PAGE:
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Process Improvement

All About Project Management Automation

Written By: Joe Demski
September 1, 2022
9 min read

Managing projects involves numerous moving parts. Timelines, resources, budgets, milestones, and more all demand time and attention from project managers and team members. Aside from completing project tasks, there is an array of planning, red tape, and other administrative work that goes on behind the scenes. Project managers are turning to process automation to get more done and optimize time management and project outcomes.

Project management is evolving. As more firms undergo digital transformations, there is a growing dependency on tech tools and applications. Project management software helps managers maintain visibility, streamline workflows, and stay connected with teams. Now, project management software is taking it a step further with process automation.

What is Project Management Automation?

Automation is a technology that uses machines to carry out processes with little to no human interaction. Project management automation refers to the technology used in project management software that can complete basic project tasks without help from humans. When an event occurs that triggers automation, the software completes the task on its own.

For example, project management software that automatically monitors resources and sends you an alert is automation. When a team member completes a task and a notification email is sent to you, that is automation. If it's time to submit a compliance report and your project management software knows to send it off, that’s automation too. Automation can be used to streamline internal communication, comply with industry regulations, and check items off your list all on its own.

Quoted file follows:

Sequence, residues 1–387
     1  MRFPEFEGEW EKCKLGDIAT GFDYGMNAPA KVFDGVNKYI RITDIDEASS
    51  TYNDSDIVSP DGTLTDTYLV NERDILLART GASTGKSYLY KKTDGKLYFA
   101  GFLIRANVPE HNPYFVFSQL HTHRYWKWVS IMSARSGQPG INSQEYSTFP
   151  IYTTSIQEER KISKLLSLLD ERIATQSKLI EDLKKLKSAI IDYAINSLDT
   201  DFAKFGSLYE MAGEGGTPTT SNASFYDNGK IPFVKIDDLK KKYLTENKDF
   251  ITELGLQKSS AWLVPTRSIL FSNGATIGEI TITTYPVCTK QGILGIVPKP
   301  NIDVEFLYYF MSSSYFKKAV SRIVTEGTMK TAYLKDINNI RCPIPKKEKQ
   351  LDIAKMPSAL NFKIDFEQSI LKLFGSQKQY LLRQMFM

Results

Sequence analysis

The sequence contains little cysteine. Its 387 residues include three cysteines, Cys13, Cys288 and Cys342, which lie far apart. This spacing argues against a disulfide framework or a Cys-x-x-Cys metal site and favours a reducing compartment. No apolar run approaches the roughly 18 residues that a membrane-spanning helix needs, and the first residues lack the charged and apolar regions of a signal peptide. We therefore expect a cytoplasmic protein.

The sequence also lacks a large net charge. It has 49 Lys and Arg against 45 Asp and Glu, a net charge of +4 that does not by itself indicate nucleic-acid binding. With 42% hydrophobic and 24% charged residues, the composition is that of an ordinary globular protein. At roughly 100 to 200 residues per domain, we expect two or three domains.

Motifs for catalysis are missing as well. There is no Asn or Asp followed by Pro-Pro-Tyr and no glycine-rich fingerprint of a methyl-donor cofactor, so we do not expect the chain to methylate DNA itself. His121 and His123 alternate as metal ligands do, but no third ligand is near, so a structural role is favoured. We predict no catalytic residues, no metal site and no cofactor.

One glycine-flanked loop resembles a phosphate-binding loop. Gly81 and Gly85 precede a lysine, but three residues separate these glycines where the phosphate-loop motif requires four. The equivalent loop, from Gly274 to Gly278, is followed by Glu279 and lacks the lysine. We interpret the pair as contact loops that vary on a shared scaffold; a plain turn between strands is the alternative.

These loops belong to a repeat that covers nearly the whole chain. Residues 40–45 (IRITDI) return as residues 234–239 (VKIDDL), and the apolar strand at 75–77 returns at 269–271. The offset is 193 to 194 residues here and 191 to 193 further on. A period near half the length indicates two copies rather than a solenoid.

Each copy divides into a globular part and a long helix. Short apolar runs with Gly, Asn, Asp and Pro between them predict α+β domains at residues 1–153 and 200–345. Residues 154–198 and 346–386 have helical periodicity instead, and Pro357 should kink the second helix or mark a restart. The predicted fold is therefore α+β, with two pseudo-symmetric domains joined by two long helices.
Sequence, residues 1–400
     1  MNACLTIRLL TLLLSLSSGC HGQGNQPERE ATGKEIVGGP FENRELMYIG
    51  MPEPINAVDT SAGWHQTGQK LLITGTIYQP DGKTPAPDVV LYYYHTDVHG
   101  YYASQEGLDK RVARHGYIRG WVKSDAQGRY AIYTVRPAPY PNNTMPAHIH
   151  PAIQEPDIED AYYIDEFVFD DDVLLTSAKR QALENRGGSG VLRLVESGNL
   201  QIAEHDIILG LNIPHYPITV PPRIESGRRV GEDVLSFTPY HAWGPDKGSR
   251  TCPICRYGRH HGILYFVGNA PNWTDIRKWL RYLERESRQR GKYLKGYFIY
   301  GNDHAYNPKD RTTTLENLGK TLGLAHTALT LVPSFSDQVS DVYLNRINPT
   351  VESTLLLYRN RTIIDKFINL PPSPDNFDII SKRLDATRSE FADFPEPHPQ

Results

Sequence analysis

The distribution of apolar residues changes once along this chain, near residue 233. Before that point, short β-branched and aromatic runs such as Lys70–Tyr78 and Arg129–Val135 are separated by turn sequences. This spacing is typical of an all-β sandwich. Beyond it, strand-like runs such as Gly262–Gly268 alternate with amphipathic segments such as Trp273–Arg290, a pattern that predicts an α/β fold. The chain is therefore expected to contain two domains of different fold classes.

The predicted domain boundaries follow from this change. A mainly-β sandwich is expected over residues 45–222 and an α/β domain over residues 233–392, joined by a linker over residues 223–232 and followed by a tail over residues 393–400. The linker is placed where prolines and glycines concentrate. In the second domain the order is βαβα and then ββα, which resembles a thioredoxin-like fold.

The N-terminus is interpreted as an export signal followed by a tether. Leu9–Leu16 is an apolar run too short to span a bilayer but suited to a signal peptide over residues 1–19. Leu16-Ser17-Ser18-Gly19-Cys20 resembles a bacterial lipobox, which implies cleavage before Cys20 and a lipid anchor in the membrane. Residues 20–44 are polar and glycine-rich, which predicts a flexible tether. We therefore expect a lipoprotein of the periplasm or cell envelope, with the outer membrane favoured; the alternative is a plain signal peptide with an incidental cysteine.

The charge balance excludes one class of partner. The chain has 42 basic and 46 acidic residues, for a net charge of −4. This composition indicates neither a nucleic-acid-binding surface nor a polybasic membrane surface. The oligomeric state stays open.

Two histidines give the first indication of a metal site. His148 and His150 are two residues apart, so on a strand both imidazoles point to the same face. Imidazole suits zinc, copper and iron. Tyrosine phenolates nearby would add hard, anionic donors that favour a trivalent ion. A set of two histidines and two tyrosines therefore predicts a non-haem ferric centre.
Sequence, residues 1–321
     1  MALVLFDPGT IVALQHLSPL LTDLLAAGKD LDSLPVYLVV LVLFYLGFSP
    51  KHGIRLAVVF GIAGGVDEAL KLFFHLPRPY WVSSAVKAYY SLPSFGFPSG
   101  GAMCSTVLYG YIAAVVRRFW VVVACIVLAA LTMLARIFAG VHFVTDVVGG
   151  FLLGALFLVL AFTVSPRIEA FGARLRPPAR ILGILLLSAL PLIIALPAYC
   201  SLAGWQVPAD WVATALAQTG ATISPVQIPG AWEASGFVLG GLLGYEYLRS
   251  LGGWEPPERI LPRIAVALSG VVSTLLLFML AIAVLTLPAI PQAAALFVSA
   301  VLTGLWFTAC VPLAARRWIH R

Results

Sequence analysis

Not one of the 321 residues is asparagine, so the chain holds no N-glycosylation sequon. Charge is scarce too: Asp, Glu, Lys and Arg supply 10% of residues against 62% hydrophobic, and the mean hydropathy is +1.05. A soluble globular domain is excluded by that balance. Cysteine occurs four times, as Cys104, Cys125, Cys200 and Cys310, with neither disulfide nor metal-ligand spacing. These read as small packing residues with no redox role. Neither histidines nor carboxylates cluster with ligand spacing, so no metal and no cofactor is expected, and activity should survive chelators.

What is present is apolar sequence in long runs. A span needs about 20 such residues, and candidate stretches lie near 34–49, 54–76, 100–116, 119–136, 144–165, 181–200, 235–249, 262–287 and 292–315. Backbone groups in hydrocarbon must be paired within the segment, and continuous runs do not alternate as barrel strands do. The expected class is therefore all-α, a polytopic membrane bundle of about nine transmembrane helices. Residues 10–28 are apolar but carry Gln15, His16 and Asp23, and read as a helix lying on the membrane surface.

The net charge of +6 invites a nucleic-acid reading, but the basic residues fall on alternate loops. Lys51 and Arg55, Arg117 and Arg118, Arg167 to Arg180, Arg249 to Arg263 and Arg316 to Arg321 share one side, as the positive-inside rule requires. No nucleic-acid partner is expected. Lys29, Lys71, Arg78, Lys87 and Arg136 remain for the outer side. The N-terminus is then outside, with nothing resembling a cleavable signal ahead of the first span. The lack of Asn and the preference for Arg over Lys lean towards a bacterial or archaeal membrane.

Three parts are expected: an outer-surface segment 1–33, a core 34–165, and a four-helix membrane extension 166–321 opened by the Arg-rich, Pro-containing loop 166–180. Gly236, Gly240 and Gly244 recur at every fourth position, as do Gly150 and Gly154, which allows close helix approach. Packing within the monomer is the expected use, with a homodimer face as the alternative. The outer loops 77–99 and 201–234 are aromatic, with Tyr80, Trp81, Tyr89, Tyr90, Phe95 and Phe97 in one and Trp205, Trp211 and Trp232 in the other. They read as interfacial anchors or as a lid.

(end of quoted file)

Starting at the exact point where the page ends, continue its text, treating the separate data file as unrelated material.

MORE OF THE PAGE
Benefits of Automation in Project Management Software

In project management, automation is about freeing workers from repetitive, tedious, or basic tasks that computers can handle. These time-consuming tasks ruin productivity and interrupt workflows, but automation checks them off the list in record time. Plus, human error is often the cause of careless mistakes that can be resolved by the predictable and precise actions of machines. Automation enables firms to complete more in less time.

Here are a few benefits of implementing project management software with automation:

Increased productivity

Only 15% of project managers work on one project at a time. Some work on as many as ten or more. Automation helps you get more work done in less time so that you can dedicate your efforts to areas outside of administrative tasks.

For example, automation can help you launch new tasks and projects quickly. It can also enable you to pre-populate templates and fields with standard information. That means that your likelihood of typos and omissions is reduced, and you don’t have to acquire more resources to get the job done.

Reduced busy work

Busy work like sending out project reports, reminding team members about upcoming deadlines, and checking in on task statuses are all administrative tasks that automated project management software can accomplish.

Notifications, updates and regular reporting take hours to distribute manually. But automation provides project managers with the opportunity to offload low-value tasks so that they have more time to work on more strategic tasks.

Seamless integration

Another benefit of using project management software with automation is the ability to integrate data across your other business apps. Many teams work with several SaaS tools at a time. One for communicating, one for planning, another for reporting, testing out a new product, and so on.